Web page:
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EDITORIAL ANALYSIS : Charting the path for the Sixteenth Finance Commission



Source: The Hindu

Continuation of article: The next Finance Commission will have a tough task


  • Prelims: Current events of national importance(Federalism, Finance Commission, Cess and Surcharges, NITI Ayog, etc)
  • Mains GS Paper II & III: Functions and responsibilities of the union and the states, issues and challenges pertaining to the federal structure etc



  • The Sixteenth Finance Commission is due to be set up shortly.
  • The combined government debt-GDP ratio had also shot up close to 90% at the end of 2020-21.
    • Many States show large fiscal imbalances




Finance Commission:


The vertical and horizontal dimensions

  • The Fourteenth Finance Commission raised the share of States in the divisible pool of central taxes to 42% from 32%.
    • This was revised to 41% when the number of States in India was reduced to 28.
  • During 2020-21 to 2023-24 (BE): The effective share of States in the Centre’s gross tax revenues (GTR) averaged close to 31%
    • It was significantly lower than the corresponding share of nearly 35% during 2015-16 to 2019-20.
    • The increase in the share of cesses and surcharges to 5(eighteen point five)% of the Centre’s GTR during 2020-21 to 2023-24 (BE) from 12.8(twelve point eight)% during 2015-16 to 2019-20.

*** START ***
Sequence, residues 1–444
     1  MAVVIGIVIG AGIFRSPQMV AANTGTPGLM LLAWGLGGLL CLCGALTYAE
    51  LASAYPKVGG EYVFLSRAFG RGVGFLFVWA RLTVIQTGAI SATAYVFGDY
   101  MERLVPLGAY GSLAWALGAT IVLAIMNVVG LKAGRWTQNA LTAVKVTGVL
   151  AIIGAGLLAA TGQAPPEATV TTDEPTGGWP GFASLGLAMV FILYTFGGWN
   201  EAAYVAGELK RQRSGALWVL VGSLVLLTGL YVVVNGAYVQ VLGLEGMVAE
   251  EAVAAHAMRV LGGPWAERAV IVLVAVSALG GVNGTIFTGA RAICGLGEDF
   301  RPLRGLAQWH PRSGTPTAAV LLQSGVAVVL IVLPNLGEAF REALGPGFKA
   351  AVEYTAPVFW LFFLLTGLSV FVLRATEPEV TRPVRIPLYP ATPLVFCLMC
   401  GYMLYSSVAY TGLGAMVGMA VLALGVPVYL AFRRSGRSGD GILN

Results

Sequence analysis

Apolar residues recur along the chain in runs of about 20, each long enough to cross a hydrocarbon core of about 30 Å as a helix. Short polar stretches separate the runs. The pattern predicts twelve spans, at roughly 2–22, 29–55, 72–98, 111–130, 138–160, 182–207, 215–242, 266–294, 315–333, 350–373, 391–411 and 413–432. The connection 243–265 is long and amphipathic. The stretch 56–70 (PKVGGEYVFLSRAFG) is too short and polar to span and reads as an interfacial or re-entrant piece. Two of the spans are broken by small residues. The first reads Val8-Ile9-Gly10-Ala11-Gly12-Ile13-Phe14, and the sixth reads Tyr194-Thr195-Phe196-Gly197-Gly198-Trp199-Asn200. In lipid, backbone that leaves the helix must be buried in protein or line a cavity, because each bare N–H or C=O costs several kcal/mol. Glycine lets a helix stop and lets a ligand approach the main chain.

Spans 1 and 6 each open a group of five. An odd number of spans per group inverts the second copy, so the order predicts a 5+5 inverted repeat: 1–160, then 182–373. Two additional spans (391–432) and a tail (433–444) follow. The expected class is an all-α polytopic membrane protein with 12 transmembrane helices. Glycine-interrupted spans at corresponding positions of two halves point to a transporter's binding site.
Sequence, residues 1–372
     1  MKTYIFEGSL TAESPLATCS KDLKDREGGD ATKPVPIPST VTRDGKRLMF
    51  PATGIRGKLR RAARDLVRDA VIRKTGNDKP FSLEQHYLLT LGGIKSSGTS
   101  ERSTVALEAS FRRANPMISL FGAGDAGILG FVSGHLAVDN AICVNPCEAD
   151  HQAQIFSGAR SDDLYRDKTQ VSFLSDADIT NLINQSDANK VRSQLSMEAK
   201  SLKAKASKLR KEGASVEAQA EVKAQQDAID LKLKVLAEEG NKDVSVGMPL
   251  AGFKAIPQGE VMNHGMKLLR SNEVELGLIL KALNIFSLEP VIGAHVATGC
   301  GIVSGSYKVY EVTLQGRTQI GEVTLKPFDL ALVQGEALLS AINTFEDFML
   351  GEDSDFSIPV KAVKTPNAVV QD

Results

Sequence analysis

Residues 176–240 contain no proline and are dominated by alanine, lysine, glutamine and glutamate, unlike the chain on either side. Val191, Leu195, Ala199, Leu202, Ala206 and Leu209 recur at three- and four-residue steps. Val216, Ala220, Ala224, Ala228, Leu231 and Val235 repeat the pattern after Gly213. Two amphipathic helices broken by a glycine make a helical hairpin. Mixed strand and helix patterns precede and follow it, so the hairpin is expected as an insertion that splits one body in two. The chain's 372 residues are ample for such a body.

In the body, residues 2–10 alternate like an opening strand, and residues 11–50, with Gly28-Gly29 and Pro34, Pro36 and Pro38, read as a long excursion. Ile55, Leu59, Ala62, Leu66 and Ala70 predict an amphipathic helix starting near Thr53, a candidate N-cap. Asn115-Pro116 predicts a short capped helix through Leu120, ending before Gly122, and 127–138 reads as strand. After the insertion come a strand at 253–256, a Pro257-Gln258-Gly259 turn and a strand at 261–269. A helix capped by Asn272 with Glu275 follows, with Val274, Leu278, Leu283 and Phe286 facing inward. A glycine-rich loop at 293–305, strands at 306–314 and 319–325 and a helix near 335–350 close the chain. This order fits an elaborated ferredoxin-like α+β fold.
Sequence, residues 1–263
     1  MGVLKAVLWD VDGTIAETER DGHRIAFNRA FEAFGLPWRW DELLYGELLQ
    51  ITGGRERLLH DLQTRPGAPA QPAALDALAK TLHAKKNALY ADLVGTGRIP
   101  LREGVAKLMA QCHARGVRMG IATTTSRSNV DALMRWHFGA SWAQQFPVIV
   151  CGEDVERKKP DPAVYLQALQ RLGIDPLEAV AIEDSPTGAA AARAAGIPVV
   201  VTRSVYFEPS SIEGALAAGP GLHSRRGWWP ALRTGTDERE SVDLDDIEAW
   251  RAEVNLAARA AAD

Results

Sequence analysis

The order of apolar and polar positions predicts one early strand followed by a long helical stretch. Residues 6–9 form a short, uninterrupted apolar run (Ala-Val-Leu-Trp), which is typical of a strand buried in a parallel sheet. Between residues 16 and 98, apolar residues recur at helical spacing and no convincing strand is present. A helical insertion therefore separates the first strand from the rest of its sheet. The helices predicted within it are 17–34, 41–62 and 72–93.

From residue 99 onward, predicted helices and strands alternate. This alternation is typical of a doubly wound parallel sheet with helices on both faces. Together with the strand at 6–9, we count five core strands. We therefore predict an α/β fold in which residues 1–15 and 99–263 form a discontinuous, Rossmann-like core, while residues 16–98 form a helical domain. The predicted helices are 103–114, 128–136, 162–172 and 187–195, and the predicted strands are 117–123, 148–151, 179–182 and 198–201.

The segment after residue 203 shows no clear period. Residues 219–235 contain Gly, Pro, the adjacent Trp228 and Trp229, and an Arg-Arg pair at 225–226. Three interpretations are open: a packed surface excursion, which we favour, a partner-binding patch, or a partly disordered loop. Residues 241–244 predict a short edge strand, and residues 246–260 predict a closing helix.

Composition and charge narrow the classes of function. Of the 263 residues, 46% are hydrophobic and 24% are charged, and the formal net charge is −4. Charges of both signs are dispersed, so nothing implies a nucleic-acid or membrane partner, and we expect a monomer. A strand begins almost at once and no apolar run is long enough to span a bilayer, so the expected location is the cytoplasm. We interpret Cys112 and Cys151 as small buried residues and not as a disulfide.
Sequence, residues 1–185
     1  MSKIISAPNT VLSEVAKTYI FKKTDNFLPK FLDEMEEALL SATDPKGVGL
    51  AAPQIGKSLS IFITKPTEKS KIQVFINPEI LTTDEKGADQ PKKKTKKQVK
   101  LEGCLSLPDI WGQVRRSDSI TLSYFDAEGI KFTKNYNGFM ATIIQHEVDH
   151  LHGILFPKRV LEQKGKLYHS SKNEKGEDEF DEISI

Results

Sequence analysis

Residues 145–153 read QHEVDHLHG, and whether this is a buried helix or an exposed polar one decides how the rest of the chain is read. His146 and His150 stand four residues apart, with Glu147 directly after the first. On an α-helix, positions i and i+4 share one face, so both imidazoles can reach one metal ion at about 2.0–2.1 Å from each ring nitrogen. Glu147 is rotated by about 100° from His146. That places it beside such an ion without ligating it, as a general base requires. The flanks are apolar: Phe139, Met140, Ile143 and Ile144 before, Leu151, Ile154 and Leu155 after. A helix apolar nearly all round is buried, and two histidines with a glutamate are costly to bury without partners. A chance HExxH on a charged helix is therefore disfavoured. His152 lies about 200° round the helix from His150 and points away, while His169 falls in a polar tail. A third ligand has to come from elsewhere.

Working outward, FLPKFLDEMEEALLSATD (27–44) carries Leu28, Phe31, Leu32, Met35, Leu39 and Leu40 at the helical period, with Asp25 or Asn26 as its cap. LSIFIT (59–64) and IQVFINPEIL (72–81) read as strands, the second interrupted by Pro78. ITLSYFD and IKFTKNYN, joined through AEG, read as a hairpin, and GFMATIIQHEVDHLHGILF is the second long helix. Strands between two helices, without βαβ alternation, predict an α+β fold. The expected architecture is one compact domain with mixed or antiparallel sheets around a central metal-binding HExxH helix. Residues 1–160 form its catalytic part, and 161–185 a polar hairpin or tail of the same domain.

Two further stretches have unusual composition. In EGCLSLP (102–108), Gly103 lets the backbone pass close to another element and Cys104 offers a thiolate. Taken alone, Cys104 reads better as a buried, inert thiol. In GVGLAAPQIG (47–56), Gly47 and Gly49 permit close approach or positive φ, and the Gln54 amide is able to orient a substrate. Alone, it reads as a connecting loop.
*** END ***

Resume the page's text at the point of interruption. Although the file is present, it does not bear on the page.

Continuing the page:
• The heavy reliance on cesses and surcharges requires scrutiny by the Sixteenth Finance Commission.
    • Option: freeze the share of cesses and surcharges to some base number.
    • Under Thirteenth Finance Commission: The share was just 6%.
    • A 10% upper limit of the share of cesses and surcharges as a percentage of Centre’s GTR may be recommended.
    • The share of States must be increased if the proportion crosses 10%.
  • There will be one proportion-42%, if cesses and surcharges exceed 10%, and another share of 41% if they are 10% or below.
    • The formula may be nuanced by the Sixteenth Finance Commission with the help of the latest data.
  • GST collections have maintained good buoyancy in the last two years.
    • GST still needs restructuring to make it a good and simple tax.


The share of individual States in the Centre’s divisible pool of taxes:

  • It is determined by a set of indicators:
    • population
    • per capita income
    • area
    • incentive-related factors
      • forest cover
      • demographic change.
    • In the case of per capita income: It is the distance of a State’s per capita income from a benchmark
      • It is usually kept at the average per capita income of the top three States that is used as a determining factor.
      • The distance criterion implies relatively larger shares for relatively lower income States.
      • At present, it has the highest weight of 45% — it had an even higher weight previously.


Lower Income states:

  • These States are expected to provide a relatively larger share of ‘demographic dividend’ to India in future
    • Attention needs to be paid to the educational and health needs of their populations.
  • It may be useful to freeze the weight to distance criterion at the current level or even reduce it to 40%
    • but some upward adjustment in the resources transferred to the poorer States may be done through grants.